Come August, Come Freedom: The Bellows, The Gallows, and The Black General Gabriel (Hardcover)
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An 1800 insurrection planned by a literate slave known as "Prosser’s Gabriel" inspires a historical novel following one extraordinary man’s life.
In a time of post-Revolutionary fervor in Richmond, Virginia, an imposing twenty-four-year-old slave named Gabriel, known for his courage and intellect, plotted a rebellion involving thousands of African- American freedom seekers armed with refashioned pitchforks and other implements of Gabriel’s blacksmith trade. The revolt would be thwarted by a confluence of fierce weather and human betrayal, but Gabriel retained his dignity to the end. History knows little of Gabriel’s early life. But here, author Gigi Amateau imagines a childhood shaped by a mother’s devotion, a father’s passion for liberation, and a friendship with a white master’s son who later proved cowardly and cruel. She gives vibrant life to Gabriel’s love for his wife-to-be, Nanny, a slave woman whose freedom he worked tirelessly, and futilely, to buy. Interwoven with original documents, this poignant, illuminating novel gives a personal face to a remarkable moment in history.
About the Author
Gigi Amateau is the author of A Certain Strain of Peculiar, Chancey of the Maury River, and Claiming Georgia Tate. She lives in Bon Air, Virginia.
Amateau’s prose is appropriately passionate, but it’s tempered with disciplined restraint and moments of startling delicacy. Although the subject of this title will call to historical fiction readers who appreciate such thoughtful works as M. T. Anderson’s Octavian Nothing (BCCB 11/06), teens who approach history with the poetic insight of Marilyn Nelson will also find Amateau’s chronicle rewarding.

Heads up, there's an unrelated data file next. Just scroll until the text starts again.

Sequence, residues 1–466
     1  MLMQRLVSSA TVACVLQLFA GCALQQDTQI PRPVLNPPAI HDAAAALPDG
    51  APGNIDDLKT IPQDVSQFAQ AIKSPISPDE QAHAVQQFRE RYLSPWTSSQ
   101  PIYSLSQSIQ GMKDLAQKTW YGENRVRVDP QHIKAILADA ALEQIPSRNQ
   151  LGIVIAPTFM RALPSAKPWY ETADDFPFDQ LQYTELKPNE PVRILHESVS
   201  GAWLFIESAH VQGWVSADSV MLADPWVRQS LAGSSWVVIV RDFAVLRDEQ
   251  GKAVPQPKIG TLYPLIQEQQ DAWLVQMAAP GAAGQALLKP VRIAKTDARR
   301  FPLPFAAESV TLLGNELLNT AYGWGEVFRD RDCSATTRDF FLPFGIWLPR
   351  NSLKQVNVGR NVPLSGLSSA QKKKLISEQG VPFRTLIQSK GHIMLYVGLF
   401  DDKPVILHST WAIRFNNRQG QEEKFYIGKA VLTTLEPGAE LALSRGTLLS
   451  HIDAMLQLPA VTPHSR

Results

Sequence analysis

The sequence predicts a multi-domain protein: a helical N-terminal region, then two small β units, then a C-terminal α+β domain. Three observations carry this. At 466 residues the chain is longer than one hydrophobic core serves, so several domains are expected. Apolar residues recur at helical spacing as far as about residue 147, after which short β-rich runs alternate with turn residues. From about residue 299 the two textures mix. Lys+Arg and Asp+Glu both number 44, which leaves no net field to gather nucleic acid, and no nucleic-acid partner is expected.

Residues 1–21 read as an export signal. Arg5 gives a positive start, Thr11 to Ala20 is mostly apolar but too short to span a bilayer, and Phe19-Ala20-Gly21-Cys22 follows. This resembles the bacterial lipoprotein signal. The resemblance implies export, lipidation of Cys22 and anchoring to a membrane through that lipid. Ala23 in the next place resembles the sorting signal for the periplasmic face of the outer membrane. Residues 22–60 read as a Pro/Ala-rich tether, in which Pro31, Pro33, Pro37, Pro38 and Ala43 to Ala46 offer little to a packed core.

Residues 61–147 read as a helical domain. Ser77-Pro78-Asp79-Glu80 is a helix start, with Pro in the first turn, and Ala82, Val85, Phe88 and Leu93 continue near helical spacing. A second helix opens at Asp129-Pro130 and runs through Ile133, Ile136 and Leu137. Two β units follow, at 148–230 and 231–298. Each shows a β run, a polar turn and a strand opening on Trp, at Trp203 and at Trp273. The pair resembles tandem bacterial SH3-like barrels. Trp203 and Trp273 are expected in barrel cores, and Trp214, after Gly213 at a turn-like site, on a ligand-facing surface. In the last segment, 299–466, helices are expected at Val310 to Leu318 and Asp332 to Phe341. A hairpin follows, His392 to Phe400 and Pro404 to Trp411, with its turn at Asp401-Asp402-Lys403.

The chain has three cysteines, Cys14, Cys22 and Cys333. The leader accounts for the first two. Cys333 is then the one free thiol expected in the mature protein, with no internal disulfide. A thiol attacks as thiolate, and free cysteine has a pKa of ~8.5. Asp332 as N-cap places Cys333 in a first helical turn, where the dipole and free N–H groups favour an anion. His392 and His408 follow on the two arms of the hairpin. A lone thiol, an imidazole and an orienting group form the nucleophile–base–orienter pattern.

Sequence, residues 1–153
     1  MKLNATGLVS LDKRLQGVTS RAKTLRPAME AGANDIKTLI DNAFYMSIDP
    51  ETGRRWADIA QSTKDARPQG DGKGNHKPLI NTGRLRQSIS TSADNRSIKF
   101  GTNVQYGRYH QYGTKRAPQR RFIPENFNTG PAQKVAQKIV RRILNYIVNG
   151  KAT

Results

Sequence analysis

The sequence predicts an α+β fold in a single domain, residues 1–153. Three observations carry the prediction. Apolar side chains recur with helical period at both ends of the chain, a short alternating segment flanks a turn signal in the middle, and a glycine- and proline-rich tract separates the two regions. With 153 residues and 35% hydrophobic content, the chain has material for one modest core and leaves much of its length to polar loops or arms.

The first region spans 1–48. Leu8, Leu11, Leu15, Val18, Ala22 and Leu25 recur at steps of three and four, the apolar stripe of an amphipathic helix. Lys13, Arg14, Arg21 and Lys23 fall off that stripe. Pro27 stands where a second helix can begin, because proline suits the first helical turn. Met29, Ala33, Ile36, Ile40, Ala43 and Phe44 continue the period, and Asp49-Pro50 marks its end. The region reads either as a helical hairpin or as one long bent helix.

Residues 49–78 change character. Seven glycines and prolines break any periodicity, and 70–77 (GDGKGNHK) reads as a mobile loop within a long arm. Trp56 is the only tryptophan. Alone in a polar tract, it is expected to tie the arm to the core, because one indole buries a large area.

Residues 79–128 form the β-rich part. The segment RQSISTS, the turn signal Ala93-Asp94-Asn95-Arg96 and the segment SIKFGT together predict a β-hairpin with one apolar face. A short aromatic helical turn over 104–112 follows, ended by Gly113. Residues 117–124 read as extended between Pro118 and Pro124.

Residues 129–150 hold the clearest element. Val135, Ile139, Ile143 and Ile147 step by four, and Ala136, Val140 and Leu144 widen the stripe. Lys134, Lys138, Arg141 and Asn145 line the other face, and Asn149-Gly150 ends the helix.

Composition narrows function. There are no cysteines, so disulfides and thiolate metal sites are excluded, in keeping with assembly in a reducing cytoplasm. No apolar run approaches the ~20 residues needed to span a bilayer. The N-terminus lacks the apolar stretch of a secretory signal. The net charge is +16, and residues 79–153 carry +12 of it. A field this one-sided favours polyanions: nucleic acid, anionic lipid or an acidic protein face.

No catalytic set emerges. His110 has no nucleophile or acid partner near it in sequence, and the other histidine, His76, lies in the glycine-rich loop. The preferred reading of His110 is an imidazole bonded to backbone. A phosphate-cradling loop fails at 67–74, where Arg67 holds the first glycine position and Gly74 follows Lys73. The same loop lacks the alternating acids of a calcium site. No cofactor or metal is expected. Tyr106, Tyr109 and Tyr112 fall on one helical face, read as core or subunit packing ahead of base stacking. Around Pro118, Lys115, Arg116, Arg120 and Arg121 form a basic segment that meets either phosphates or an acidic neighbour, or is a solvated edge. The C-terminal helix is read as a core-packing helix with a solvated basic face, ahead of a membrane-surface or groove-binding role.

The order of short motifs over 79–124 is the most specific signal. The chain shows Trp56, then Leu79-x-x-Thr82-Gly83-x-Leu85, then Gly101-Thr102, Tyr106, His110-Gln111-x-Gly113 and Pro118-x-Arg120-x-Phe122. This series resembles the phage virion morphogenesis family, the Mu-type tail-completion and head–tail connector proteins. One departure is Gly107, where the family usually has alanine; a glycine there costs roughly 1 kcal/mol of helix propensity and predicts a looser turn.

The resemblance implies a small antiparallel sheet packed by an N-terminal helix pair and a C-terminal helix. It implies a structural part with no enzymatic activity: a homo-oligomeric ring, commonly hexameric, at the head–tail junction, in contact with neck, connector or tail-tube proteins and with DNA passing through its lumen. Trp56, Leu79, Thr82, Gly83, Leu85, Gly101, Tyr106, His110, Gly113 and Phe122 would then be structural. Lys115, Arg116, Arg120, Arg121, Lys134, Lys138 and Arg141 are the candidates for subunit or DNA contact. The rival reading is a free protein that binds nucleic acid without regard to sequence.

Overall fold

—Bulletin of the Center for Children's Books (starred review)
Based on a true story of planned rebellion by “Prosser’s Gabriel,” Amateau deftly tucks well-researched period documents into the narrative at opportune moments. Her use of language is both startling and gratifying . . . an anguished tale told with poetry and heart.
In this beautifully written novel, Amateau makes Gabriel a fully realized character fighting not just for an abstract ideal of liberty but also for the freedom of Nanny and their future family. Amateau also makes good use of primary sources, sprinkling actual documents throughout the text. As did M. T. Anderson in his Octavian Nothing volumes (rev. 9/06; 9/08) and Kimberly Brubaker Bradley in Jefferson’s Sons (rev. 1/12), Amateau takes a long look at the tricky business of liberty in a new nation dedicated to freedom.
The thrilling role of the unrecognized young hero will grab teen readers.